According to a former president of the Canadian Association for Suicide Prevention, Canada's federal government has failed to implement the 1995 United Nations guidelines for national suicide prevention strategies, the government has never formally acknowledged that "suicide is a national public health issue", and while Quebec, Alberta and Nova Scotia have provincial strategies, both Ontario and Saskatchewan lack them.[51]

During 2005–2010, Canada's federal government allocated a total of $65 million to be administered by Health Canada and the Government of Nunavut for the National Aboriginal Youth Suicide Prevention Strategy (NAYSPS),[52] and by 2010, two hundred community-based programs including mental health service providers, native elders and teachers had benefited from this initiative.[53][54] The federal government extended the NAYSPS in 2010 for an additional five years, and increased the budget to $75 million.[55][56][57]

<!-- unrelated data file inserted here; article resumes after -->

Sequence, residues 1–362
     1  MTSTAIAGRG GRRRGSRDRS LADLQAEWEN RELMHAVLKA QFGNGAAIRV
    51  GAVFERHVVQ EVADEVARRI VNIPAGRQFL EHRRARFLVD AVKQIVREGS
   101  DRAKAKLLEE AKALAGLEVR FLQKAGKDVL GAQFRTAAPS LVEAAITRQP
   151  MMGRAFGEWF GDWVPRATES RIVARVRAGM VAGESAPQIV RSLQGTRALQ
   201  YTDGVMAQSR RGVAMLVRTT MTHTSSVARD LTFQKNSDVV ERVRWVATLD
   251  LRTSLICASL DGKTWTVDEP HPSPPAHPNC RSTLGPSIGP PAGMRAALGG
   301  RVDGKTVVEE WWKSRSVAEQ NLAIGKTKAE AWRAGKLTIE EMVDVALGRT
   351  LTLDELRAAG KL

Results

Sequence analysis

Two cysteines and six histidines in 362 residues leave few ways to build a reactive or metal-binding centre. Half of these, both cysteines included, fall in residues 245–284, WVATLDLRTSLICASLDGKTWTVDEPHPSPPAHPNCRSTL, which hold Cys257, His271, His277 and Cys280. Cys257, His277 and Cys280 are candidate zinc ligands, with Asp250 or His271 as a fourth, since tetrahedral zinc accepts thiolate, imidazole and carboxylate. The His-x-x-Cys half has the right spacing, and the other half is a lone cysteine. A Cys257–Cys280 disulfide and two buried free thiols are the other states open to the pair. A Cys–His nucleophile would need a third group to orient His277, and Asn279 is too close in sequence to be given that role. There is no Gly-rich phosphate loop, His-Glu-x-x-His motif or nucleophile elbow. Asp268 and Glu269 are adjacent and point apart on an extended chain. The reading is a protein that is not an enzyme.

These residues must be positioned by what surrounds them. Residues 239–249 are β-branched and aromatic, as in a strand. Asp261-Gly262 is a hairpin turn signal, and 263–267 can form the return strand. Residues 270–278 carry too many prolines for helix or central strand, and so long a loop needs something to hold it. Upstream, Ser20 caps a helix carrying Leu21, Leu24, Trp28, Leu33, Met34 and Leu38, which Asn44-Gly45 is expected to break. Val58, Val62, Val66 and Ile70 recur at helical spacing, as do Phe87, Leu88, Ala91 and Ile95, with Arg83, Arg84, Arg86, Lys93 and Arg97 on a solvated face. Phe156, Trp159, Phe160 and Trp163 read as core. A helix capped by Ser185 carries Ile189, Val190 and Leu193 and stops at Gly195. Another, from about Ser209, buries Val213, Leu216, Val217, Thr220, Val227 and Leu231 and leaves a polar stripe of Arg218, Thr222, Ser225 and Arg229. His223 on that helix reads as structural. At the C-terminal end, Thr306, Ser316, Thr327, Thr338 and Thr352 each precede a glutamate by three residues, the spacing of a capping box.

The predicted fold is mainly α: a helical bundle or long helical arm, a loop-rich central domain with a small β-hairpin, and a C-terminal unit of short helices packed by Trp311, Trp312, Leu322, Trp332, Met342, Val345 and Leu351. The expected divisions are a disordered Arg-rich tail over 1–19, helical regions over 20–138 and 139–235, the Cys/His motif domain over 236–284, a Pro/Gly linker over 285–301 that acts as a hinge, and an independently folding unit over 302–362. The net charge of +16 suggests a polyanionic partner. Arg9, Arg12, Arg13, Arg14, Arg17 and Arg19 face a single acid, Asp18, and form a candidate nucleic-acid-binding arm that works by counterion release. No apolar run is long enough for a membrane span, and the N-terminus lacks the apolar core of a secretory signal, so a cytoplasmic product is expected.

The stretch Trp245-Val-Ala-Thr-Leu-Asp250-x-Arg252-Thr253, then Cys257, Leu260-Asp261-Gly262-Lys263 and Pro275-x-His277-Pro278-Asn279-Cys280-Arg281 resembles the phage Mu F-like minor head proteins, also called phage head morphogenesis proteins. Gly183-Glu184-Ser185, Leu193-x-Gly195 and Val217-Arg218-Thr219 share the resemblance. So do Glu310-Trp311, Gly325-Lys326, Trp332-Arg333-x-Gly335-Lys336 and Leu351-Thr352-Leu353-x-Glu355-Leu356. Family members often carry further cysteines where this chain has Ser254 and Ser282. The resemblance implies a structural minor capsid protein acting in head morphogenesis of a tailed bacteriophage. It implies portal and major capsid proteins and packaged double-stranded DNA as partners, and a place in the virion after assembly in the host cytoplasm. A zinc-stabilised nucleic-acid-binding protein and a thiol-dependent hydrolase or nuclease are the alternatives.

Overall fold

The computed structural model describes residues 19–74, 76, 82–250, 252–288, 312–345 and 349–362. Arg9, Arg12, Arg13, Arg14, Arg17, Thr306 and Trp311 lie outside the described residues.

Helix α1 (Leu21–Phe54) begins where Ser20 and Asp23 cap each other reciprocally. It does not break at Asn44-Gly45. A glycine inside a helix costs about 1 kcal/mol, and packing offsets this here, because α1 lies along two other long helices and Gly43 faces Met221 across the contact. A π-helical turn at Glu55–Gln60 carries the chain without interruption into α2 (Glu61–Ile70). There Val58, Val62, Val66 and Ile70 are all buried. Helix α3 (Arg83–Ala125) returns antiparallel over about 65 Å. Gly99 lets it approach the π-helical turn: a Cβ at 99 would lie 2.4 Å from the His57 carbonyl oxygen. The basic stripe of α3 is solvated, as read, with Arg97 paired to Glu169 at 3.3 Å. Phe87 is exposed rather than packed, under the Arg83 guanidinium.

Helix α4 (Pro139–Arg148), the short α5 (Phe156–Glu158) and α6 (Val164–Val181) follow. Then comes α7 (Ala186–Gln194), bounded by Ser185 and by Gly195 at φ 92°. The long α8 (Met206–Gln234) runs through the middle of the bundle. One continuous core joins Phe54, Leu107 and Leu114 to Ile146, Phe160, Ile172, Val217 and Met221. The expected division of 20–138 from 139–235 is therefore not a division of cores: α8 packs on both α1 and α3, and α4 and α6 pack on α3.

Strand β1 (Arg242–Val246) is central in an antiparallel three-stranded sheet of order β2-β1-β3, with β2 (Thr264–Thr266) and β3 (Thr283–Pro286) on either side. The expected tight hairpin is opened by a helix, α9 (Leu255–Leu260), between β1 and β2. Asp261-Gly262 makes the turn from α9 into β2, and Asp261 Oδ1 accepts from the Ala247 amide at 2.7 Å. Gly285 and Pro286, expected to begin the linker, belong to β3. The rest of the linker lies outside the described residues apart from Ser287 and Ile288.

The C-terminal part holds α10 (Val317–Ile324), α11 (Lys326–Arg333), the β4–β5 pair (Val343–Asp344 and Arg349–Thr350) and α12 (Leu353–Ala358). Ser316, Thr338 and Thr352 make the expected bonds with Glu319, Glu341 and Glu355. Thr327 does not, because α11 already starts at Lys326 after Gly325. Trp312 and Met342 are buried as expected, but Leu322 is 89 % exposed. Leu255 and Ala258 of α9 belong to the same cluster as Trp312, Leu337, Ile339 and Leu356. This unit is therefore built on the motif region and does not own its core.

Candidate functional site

The National Strategy for Suicide Prevention Act, a private member's bill from New Democratic Party Member of Parliament Megan Leslie, received its first reading in 2010 in Canada's House of Commons.[51] Harold Albrecht (Kitchener—Conestoga, CPC) introduced in September 2011 a private member's bill, known as the Federal Framework for Suicide Prevention Act, which directs the government to take responsibility for information and knowledge sharing related to suicide and suicide prevention in consultation with various government levels and civil society.[58]